WDS 2024: A global hub for defense innovation and collaboration

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Jeddah - Yasmine El Tohamy - Saudi Arabia in prime position to become global leader in AI regulation, expert says

LONDON: Saudi Arabia is well placed to become a global leader in the regulation of artificial intelligence by initiating the discussions that will help craft a consensus on how such rules should operate, an expert on the emerging technology said.

Ian Khan, a technology futurist and author who writes on the subject of AI, told Arab News that the Kingdom is “doing a lot with AI” in terms of setting the standards, and is “in a position to take leadership and ownership of setting the framework for AI regulations at a global level.”

He added: “This is where AI regulations can start and this is where the discussion and dialogue for AI regulations can begin, because this is where AI is being implemented in everyday life.”

The Saudi Authority for Data and Artificial Intelligence, which oversees and manages the development and use of AI in the Kingdom, has undergone “amazing growth” and is “leading that mandate” in the country, he said.

In 2020, Khan predicted that AI technology will increasingly become a dominant force in the job market in Saudi Arabia, and said authorities in the Kingdom envision the nation becoming a global leader in AI.

“Jobs will transform into AI, which doesn’t mean people will lose their jobs, but that the industries in Saudi Arabia will benefit from the creation and deployment of AI,” he said.

“You look at (smart city projects in Saudi Arabia) like NEOM, which is so complex, or The Line, they are all driven by artificial intelligence, from managing transportation systems to managing homes.

“We need to have those (AI) regulations in place and at this moment in time, one of the countries from the Middle East will be the one that will start AI regulations.”

It might be Saudi Arabia that fills this role, or the UAE, or both of them working together, because the rules governing AI are beyond the scope of just a single government to decide, Khan added.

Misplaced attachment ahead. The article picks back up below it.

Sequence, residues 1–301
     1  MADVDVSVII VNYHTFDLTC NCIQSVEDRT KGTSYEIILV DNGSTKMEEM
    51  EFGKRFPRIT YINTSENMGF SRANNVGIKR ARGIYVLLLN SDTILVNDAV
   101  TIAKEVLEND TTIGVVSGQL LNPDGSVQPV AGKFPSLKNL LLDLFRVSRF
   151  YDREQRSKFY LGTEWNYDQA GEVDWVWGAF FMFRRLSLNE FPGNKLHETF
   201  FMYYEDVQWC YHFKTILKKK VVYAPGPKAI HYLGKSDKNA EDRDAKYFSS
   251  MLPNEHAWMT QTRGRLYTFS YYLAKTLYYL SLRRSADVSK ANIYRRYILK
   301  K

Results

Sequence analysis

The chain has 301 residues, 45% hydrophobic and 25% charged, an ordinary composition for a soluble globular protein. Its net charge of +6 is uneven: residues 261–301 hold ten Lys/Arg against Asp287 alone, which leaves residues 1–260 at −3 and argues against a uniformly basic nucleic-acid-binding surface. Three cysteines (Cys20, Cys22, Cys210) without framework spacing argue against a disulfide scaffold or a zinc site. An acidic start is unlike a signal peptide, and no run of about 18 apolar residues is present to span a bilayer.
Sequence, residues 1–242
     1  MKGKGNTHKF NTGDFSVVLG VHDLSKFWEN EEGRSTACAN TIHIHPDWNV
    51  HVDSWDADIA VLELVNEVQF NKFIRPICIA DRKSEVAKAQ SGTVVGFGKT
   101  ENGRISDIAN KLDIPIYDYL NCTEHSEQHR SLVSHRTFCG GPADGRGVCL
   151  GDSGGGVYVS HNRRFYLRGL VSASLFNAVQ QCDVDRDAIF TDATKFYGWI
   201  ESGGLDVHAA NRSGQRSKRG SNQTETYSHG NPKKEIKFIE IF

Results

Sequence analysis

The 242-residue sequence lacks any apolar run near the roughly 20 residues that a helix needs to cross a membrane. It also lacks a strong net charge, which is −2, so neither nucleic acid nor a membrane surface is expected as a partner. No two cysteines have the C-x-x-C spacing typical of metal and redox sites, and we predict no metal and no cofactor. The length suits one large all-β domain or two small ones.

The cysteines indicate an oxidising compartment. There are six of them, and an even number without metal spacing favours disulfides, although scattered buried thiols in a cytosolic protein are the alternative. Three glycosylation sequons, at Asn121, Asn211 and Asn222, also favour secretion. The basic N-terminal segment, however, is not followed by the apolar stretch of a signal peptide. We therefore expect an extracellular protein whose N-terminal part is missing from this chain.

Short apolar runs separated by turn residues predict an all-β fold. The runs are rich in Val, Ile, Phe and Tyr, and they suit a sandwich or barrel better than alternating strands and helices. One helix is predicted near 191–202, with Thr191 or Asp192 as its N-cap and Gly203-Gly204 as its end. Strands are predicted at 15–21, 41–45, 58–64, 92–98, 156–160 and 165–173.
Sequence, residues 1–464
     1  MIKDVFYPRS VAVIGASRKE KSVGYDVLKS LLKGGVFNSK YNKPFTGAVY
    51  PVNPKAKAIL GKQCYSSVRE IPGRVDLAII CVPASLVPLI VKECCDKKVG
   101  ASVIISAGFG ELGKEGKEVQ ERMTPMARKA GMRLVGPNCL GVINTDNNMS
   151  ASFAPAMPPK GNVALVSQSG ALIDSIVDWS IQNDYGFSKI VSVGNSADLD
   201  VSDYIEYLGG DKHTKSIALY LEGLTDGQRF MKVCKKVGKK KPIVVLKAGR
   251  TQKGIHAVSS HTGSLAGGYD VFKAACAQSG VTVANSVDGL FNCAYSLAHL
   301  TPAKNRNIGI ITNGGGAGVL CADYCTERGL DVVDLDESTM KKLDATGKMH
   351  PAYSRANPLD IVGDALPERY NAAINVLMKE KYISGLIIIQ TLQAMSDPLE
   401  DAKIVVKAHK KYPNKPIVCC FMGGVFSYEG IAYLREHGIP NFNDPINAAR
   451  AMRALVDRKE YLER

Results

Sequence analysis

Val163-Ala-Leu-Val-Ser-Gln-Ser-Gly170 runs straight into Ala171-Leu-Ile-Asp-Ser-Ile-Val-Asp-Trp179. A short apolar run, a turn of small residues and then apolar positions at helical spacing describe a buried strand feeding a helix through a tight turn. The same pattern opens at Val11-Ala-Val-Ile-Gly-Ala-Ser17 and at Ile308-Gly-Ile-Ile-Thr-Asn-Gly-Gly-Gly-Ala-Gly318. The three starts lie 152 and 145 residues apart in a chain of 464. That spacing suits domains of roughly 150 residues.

“But I think a collaborative force needs to emerge from the Middle East and I think (Saudi Arabia) is in a good position to do it,” he said. 

You are looking at AI technologies permeating the lives of everyday people, so we have to have regulations, guard rails, protections and safety mechanisms in place.

Ian Khan, Futuracy CEO

Khan, who is the CEO of Toronto-based technology-advisory firm Futuracy, said the US is lagging other countries in terms of implementation of AI, although the research and knowledge are available and being utilized by some of the biggest companies, but he predicted that “regulations-wise, it’s going to be a nightmare.”

He added: “There’s no regulation on AI, there’s no privacy control, there’s no intellectual property rights on AI, and there are many other issues.”

Still, Khan expects major growth in the use of AI, particularly in Saudi Arabia, where he said curiosity about how the technology will affect aspects of daily life has spiked in the past year.

For example, authorities in the Kingdom have announced plans to develop electric vehicles and the infrastructure for autonomous transportation, in other words, driverless vehicles that utilize AI technology, alongside wider plans to manufacture more than 300,000 cars a year in the country by 2030.

Hyundai Motor Group and Lucid Motors have both signed agreements to build manufacturing plants in Saudi Arabia. Meanwhile, Ceer Motors, the first Saudi electric vehicle brand, was founded in 2022 and plans to begin sales in Middle Eastern markets by 2025.

Saudi Arabia is also “building the largest network of EV charging stations in the Middle East,” Khan said, and has established the Electric Vehicle Infrastructure Co. to promote the provision of fast-charging points in all regions of the Kingdom.